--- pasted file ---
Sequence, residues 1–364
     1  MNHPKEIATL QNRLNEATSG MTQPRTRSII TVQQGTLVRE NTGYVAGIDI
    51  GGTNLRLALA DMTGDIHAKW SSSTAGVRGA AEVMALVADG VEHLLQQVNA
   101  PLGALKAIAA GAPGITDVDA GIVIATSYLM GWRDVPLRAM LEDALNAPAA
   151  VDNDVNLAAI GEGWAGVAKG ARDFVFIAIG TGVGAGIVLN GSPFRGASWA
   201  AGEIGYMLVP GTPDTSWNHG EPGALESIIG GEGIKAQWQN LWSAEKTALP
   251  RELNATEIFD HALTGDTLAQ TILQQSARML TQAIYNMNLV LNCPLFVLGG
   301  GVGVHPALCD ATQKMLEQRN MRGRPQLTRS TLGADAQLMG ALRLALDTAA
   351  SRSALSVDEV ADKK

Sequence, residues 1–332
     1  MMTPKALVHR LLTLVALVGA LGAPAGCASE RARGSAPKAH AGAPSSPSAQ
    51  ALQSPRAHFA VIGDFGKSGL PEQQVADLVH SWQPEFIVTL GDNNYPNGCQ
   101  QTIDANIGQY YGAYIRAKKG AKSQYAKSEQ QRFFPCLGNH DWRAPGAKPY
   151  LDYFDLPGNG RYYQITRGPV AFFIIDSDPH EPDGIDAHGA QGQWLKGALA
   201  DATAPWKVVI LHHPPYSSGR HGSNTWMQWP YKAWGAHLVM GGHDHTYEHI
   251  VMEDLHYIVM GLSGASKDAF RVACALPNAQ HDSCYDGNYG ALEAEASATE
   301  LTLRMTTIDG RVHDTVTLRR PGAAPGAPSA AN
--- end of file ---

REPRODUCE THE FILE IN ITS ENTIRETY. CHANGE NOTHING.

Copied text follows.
Sequence, residues 1–364
     1  MNHPKEIATL QNRLNEATSG MTQPRTRSII TVQQGTLVRE NTGYVAGIDI
    51  GGTNLRLALA DMTGDIHAKW SSSTAGVRGA AEVMALVADG VEHLLQQVNA
   101  PLGALKAIAA GAPGITDVDA GIVIATSYLM GWRDVPLRAM LEDALNAPAA
   151  VDNDVNLAAI GEGWAGVAKG ARDFVFIAIG TGVGAGIVLN GSPFRGASWA
   201  AGEIGYMLVP GTPDTSWNHG EPGALESIIG GEGIKAQWQN LWSAEKTALP
   251  RELNATEIFD HALTGDTLAQ TILQQSARML TQAIYNMNLV LNCPLFVLGG
   301  GVGVHPALCD ATQKMLEQRN MRGRPQLTRS TLGADAQLMG ALRLALDTAA
   351  SRSALSVDEV ADKK

Sequence, residues 1–332
     1  MMTPKALVHR LLTLVALVGA LGAPAGCASE RARGSAPKAH AGAPSSPSAQ
    51  ALQSPRAHFA VIGDFGKSGL PEQQVADLVH SWQPEFIVTL GDNNYPNGCQ
   101  QTIDANIGQY YGAYIRAKKG AKSQYAKSEQ QRFFPCLGNH DWRAPGAKPY
   151  LDYFDLPGNG RYYQITRGPV AFFIIDSDPH EPDGIDAHGA QGQWLKGALA
   201  DATAPWKVVI LHHPPYSSGR HGSNTWMQWP YKAWGAHLVM GGHDHTYEHI
   251  VMEDLHYIVM GLSGASKDAF RVACALPNAQ HDSCYDGNYG ALEAEASATE
   301  LTLRMTTIDG RVHDTVTLRR PGAAPGAPSA AN